The Betsimisaraka farmers of Andasibe differentiate two forms of rice agriculture, tavy (swidden) and tanimbary (irrigated). The rituals that protect a farmer and his family are different for tavy and tanimbary agriculture. The necessity for different ritual activities is due to tavy having “dry” and tanimbary having “wet” ecosystems, both of which contain different plants with different spiritual properties. The farmer must focus his rituals toward the specific spirits that inhabit each ecosystem. In sum, this article summarizes farming ritual requirements of the Betsimisaraka in Andasibe, their causes, significance and repercussion of the loss of spiritual knowledge that must be understood in the process of agricultural development and forest conservation in Madagascar.
In June and July 2004, ethnographic interviews conducted in and around Andasibe with members of the Betsimisaraka on the rituals associated with tavy (swidden rice agriculture) discovered that there are similar rituals done when the farmers are pursuing tanim-bary (irrigated rice agriculture). The purposes of rituals with tavy and tanim-bary are the same, to ensure a successful rice crop and protect the farmer and his family from harm. There is variation in what farmers reported as the correct rituals for tanim-bary. Much of this variation correlates to the landscape’s properties (e.g., “dry” land and “wet” land). Since the collection of tanim-bary rituals was secondary to the collection of quantifiable data on the variation of tavy rituals, it is unknown what consensus may exist with the farmers of this region. What follows is a discussion of the most common responses from the farmers regarding rituals performed during tanim-bary and concludes with a short discussion of the relevance of these findings for agricultural development in the Andasibe region of Madagascar.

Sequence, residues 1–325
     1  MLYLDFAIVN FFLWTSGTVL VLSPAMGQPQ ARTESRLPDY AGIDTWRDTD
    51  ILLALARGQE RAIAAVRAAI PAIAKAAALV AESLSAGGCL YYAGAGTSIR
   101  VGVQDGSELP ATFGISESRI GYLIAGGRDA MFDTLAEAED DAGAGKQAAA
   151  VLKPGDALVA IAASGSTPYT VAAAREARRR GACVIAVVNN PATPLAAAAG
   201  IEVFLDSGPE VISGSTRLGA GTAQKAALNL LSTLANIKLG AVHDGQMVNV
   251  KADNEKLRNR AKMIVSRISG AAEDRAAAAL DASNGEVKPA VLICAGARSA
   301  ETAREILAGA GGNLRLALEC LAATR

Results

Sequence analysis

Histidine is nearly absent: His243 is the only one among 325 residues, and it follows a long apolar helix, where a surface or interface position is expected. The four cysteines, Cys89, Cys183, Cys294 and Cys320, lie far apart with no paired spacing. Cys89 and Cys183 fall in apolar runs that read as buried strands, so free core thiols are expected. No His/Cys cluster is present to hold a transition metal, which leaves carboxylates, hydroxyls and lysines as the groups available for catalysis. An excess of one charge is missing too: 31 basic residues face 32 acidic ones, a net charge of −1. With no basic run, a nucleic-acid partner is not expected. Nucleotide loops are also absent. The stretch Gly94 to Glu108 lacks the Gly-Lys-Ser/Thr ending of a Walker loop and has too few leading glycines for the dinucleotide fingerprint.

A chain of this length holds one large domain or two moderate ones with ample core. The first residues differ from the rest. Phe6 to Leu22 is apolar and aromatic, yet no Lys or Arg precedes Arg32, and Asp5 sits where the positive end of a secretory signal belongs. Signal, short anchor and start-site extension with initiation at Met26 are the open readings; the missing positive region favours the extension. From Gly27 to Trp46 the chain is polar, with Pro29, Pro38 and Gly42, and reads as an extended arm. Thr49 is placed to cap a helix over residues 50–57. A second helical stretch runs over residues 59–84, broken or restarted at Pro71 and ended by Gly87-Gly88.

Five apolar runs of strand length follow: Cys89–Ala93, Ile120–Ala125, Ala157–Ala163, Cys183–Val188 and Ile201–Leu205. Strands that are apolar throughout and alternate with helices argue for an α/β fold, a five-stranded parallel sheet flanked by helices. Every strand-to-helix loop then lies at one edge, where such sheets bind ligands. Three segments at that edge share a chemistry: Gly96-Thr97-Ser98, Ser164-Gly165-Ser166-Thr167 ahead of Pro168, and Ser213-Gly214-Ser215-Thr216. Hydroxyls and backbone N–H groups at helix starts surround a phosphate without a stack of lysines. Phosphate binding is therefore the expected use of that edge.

When farmers discuss the rituals that they perform during tanim-bary, they begin by describing the differences with rituals performed during tavy and tanim-bary. The first distinction that was made by the farmers was the difference between why the rituals were different between tavy and tanim-bary. As one farmer explained, “tavy is done in the forest and tanim-bary is only done where there is grass and no trees.” In areas where there are no trees and only grass, there are no plants that contain spiritual powers that can harm the farmer and/or his family. In forests, two plants [ranalahy (deer antler fern) and vahimifehy (knotted vine)] have specific spiritual properties that can result in illness or death of the farmer or one of his family members. It is believed that ranalahy houses deceased animal spirits. None of my informants, including the mpanandro (shamanic healer), knew how the animal spirits came to inhabit the ranalahy, but all knew that if this plant is cut down in preparation for agriculture, the result can be illness of the farmer or his family. Vahimifehy can be any vine that is knotted and is believed to contain the spiritual power of Andriamanitra (God). According to a mpanandro in the Andasibe region, if this vine is cut or not respected (e.g., shaking or hitting the vine), the farmer can become violently ill and may die within minutes. In either case, if one of these plants is disturbed the farmer must pray and offer the following items on ravinala (traveler’s palm - Ravinala madagascariensis) or another broad leafed plant [e.g., akondro (banana) or longoza (wild ginger)] to appease the spirit: tantely (honey) and vary fotsy (cooked white rice). Since tanim-bary locations do not contain either of these species of spirit housing plants, rituals do not need to be preformed that appease the spirits contained within them. The main difference between the two types of agriculture appears to be that tavy contains more varied and complicated rituals than tanim-bary since there are more spiritual plants that are found in forests than grasslands.